Farmers should destroy the infested host plants along with the pest very carefully preferably by burning/deep burying and never to throw in open/water channels.

Scientists have advised the farmers to control the pest by spraying chloropyriphos 20EC @ 2 litres or profenphos 50 EC @ 500 ml or acephate 75 SP @ 800g or quinalphos 25 EC @ 800 ml or carbaryl 50 WP @ 1 kg or thiodicarb 75 WP @ 250 g per acre by using 100 litres of water.

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Expose wheat to sunlight to prevent smut, farmers told
Tribune News Service

Ludhiana, May 18
In a message to the farmers, Dr Satvinder Kaur Mann, head, Department of Plant Pathology and Dr D.P. Pannu have suggested controlling of loose smut in wheat through proper exposure to sunlight in the months of May and June.

Dr Mann said that loose smut was destroying wheat in many areas of Punjab. This disease was internally seed-borne, she added. Explaining its appearance, Dr Mann said a black loose powdery mass was produced in place of grains. When the powder was blown away by wind, the rachis was left behind. The fungus grew within the plant and no symptom was visible till flowering occurred.

The scientists informed that though chemicals had been recommended for the control of loose smut, yet there were ways to check it with the help of sunlight in these two months.

Giving details on control method, they said the wheat seed should be soaked in ordinary water from 8 am to 12 noon. After four hours of soaking, the moist seed should be spread out in the sun in a thin layer on cloth or Hessian.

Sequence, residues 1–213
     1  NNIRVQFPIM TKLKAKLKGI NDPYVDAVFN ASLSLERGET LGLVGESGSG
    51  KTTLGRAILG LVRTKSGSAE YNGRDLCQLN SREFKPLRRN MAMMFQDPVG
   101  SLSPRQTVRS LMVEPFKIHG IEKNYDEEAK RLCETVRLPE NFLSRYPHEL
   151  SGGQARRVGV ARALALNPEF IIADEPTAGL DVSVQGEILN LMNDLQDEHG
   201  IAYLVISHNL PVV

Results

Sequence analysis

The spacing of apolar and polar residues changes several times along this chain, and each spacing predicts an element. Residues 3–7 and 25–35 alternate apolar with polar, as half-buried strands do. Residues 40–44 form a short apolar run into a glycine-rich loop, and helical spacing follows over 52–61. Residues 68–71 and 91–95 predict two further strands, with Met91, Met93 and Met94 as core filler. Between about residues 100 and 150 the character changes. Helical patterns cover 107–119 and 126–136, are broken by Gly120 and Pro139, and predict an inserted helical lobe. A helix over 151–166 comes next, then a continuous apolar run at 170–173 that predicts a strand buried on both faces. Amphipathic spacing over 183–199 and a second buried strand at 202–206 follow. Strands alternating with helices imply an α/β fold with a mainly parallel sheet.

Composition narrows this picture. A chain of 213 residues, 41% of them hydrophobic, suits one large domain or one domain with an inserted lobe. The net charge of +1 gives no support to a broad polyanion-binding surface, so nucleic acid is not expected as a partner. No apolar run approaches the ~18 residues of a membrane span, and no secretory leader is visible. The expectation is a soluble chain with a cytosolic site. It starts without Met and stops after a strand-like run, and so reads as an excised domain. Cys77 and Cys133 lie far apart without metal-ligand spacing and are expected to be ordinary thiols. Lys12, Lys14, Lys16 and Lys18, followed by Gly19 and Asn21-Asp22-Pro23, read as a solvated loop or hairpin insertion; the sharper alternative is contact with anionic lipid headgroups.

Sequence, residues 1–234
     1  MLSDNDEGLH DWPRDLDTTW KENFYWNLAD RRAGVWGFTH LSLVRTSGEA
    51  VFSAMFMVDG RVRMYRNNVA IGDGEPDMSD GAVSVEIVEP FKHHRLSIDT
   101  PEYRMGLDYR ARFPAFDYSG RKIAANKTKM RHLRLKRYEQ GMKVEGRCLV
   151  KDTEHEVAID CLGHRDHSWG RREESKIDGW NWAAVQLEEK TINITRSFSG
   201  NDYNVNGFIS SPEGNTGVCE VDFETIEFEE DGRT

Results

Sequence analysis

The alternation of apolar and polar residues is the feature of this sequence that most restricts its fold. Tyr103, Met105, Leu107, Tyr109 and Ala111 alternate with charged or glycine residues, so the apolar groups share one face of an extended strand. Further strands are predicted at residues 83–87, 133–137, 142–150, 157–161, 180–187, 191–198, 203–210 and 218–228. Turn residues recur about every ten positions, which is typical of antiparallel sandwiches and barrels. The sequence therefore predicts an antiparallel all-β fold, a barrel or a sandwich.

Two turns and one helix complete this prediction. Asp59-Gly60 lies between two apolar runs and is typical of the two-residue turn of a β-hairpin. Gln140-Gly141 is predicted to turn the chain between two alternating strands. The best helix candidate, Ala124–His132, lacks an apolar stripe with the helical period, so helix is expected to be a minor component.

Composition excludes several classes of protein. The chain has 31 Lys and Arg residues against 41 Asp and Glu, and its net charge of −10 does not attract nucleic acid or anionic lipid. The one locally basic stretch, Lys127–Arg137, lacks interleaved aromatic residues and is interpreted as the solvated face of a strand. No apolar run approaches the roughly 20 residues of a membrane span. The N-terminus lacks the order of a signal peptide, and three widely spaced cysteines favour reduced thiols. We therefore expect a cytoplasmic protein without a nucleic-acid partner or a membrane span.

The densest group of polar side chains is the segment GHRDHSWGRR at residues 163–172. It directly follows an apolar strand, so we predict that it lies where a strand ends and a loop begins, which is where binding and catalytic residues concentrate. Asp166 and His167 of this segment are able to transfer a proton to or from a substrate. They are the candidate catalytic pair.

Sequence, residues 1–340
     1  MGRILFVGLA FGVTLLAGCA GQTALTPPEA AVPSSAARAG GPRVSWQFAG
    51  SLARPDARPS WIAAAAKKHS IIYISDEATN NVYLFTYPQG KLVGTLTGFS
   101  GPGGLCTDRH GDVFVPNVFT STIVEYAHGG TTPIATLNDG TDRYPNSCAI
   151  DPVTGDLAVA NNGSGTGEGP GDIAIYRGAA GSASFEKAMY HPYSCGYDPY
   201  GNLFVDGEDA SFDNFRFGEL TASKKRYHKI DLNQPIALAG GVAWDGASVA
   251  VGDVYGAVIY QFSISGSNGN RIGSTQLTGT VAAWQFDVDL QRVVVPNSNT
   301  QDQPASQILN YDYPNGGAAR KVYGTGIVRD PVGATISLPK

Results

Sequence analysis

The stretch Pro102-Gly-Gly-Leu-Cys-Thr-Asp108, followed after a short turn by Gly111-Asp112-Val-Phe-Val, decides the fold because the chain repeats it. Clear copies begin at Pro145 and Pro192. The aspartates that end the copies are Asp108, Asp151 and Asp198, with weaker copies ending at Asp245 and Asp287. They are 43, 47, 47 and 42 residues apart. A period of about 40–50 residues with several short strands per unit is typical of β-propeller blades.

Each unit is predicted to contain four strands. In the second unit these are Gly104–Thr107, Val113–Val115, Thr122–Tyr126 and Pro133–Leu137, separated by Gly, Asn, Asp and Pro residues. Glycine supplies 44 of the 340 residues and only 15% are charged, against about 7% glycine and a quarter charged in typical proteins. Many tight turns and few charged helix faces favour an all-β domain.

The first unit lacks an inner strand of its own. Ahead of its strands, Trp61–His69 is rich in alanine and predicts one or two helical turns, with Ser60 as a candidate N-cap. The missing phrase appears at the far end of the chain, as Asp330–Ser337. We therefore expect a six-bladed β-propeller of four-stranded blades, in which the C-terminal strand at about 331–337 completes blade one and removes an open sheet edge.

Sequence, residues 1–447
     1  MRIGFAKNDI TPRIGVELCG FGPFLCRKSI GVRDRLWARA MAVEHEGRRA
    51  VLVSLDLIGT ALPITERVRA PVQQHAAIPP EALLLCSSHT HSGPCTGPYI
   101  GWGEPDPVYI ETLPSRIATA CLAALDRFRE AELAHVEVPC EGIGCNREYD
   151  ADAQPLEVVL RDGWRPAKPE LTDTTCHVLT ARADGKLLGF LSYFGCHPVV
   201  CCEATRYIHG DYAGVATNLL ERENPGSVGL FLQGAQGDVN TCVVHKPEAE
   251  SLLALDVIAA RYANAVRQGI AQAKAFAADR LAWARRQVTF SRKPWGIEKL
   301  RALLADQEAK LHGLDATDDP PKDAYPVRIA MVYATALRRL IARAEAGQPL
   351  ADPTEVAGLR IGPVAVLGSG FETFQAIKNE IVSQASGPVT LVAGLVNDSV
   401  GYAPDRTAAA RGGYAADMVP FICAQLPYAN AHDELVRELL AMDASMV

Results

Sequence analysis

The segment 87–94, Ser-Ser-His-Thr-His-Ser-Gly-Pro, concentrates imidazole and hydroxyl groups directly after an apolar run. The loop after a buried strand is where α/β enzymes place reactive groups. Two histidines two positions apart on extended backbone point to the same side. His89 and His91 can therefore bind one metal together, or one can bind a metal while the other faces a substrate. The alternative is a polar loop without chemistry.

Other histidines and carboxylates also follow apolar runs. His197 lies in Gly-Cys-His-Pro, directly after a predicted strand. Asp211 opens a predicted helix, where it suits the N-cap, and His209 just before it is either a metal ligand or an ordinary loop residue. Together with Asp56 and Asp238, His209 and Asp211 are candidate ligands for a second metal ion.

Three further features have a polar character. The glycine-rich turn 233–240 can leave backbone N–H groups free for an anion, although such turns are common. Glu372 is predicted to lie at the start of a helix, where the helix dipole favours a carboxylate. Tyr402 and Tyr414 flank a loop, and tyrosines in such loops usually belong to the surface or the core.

Completely dried grains could then be stored in a dry place till further sowing, they added.

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Save water by using laser leveller: Expert
Tribune News Service

Ludhiana, May 18
"Water is precious and every drop should be used judiciously," said PAU the director of Extension Education, Dr N.S.Malhi, while speaking to farmers at a field day on laser levelling organised at Fatehgarh Sahib.

Impressing upon the farmers that sustainability of agriculture heavily depends upon availability of irrigation water that was fast declining, Dr Malhi said the use of laser leveller not only helps in reducing water requirement but also improves input and water use efficiency.

He advocated for promoting the use of laser leveller among farmers.

Dr M.P.Kaushal, head, Department of Soil and Water Engineering, told the farmers that "laser leveller" being costly, should be purchased by every co-operative societies so that farmers could avail themselves of the services on custom hiring basis.

He informed that in laser levelled fields, up to 25 per cent of irrigation water can be saved. Farm scientists Dr Sunil Garg and Samanpreet Kaur demonstrated the working of laser leveller to about 150 farmers.

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World Museum Day 
Jesus school students set up mini-museum
Our Correspondent

Ludhiana, May 18
Students of Jesus Sacred Heart School, South City, Ludhiana, celebrated World Museum Day here today by setting up a mini-museum depicting the rich cultural heritage of Punjab. It gave a vivid revelation of the customs and conventions, beauties and bounties, teachings and traditions of Punjab.